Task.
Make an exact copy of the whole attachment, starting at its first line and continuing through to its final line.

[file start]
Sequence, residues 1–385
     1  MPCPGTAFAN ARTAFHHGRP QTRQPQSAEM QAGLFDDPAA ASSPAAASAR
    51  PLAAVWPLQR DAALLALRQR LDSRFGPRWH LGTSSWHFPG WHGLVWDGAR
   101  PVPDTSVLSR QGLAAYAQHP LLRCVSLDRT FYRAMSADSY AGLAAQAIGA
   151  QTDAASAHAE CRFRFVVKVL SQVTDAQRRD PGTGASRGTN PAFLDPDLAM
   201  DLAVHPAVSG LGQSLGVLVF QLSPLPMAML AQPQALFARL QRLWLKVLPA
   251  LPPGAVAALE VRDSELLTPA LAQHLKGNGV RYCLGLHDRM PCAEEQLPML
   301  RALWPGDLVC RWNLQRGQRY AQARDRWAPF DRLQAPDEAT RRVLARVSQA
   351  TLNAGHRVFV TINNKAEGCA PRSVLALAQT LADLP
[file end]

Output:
Sequence, residues 1–385
     1  MPCPGTAFAN ARTAFHHGRP QTRQPQSAEM QAGLFDDPAA ASSPAAASAR
    51  PLAAVWPLQR DAALLALRQR LDSRFGPRWH LGTSSWHFPG WHGLVWDGAR
   101  PVPDTSVLSR QGLAAYAQHP LLRCVSLDRT FYRAMSADSY AGLAAQAIGA
   151  QTDAASAHAE CRFRFVVKVL SQVTDAQRRD PGTGASRGTN PAFLDPDLAM
   201  DLAVHPAVSG LGQSLGVLVF QLSPLPMAML AQPQALFARL QRLWLKVLPA
   251  LPPGAVAALE VRDSELLTPA LAQHLKGNGV RYCLGLHDRM PCAEEQLPML
   301  RALWPGDLVC RWNLQRGQRY AQARDRWAPF DRLQAPDEAT RRVLARVSQA
   351  TLNAGHRVFV TINNKAEGCA PRSVLALAQT LADLP